Rebecca Foust

Dream of the Rood

 On me are the wounds seen.—The Dream of the Rood

You should follow your dream, whispered the rude
young yoga instructor, earnest, and bent 
on proving that pain could, at its heart, be good,

and that I ached from more than this hardwood
floor against my spine’s misalignment. I’d signed
up to follow it—my dream—but now I rued

the day I’d moved to this crazy state, loaded
with cord-stack—the family tree felled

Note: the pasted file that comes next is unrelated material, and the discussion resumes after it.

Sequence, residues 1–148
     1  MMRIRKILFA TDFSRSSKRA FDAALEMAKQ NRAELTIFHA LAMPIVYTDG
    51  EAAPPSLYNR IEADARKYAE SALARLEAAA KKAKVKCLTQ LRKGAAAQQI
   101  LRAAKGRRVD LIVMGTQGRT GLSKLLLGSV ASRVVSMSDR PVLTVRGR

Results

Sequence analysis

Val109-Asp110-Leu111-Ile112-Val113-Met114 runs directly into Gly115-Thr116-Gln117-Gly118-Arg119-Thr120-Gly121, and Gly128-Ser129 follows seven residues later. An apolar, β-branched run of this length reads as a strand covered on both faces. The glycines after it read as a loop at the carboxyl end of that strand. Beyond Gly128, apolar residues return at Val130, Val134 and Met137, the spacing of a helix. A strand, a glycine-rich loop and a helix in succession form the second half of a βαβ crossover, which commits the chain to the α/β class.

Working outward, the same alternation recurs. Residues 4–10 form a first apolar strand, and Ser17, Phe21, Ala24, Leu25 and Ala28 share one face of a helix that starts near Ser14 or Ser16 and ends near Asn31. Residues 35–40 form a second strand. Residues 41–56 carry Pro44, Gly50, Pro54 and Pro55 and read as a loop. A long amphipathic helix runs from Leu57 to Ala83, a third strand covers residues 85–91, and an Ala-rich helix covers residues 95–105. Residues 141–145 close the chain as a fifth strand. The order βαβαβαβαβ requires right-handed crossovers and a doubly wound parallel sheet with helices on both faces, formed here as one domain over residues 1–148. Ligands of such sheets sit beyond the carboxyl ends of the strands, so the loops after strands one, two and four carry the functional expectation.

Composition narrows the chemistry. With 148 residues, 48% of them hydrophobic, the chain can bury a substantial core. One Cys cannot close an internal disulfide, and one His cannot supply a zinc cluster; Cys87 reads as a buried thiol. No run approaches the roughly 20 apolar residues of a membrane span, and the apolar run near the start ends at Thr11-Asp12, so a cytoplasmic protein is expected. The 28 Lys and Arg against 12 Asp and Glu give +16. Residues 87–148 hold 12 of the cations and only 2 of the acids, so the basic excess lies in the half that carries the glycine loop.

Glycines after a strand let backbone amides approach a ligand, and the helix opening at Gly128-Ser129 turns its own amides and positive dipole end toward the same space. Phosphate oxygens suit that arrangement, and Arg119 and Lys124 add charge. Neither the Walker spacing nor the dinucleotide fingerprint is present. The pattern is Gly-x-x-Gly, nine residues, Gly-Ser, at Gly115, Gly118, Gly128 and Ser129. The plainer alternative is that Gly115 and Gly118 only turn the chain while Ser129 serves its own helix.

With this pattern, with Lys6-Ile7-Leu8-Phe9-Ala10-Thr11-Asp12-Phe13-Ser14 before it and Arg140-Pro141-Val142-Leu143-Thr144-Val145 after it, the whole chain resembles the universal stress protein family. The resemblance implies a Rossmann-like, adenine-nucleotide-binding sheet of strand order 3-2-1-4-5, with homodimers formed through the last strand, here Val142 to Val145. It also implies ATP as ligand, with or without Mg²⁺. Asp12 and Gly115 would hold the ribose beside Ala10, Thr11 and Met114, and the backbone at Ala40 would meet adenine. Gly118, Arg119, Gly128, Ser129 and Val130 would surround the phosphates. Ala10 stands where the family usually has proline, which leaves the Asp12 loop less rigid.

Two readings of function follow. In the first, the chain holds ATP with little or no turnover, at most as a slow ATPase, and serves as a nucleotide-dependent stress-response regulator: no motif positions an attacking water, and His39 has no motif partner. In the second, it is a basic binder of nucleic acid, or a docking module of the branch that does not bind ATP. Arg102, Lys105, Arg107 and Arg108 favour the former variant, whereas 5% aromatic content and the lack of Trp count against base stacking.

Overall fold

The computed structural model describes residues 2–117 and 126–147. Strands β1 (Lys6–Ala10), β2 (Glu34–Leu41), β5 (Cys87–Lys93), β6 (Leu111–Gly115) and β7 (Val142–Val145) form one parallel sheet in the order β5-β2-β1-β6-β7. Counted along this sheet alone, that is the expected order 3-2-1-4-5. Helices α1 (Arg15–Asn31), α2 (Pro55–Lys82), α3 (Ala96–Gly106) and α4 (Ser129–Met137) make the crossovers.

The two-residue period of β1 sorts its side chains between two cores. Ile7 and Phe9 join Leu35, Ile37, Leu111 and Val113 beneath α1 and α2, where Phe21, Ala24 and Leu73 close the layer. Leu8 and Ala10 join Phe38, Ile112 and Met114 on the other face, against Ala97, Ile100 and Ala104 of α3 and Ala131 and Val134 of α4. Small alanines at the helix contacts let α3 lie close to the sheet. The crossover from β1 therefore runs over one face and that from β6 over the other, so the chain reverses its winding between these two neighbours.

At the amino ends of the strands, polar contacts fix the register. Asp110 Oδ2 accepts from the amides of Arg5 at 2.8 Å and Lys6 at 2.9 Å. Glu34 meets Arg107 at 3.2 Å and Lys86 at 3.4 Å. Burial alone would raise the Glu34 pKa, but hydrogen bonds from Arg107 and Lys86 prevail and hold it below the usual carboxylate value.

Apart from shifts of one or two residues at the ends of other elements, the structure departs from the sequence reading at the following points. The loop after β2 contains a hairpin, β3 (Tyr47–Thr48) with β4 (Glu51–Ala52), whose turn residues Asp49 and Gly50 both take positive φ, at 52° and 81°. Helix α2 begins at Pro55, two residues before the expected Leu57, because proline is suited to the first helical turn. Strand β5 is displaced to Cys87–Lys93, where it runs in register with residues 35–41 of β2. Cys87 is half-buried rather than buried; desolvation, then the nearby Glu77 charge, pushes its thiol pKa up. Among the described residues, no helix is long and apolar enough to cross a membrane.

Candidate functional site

by blood, smoke, and gin. Mom-and-Dad died

years before they each died. Light was divided
from light in every small pane, so I went
west. Burnt was the dream-shape of home, root

shaft, and crossbeam. In my first year of dead
and no weather, I wanted winter; I pined
for trees with no leaves and for any word

spoken in tongues. Stand, she said, on your head,
and it began to rain. Outside, upside down, 
a tree bled. I dreamt blurred redbud, the rood,
pane-pierced light, a dead tree in luminous bloom.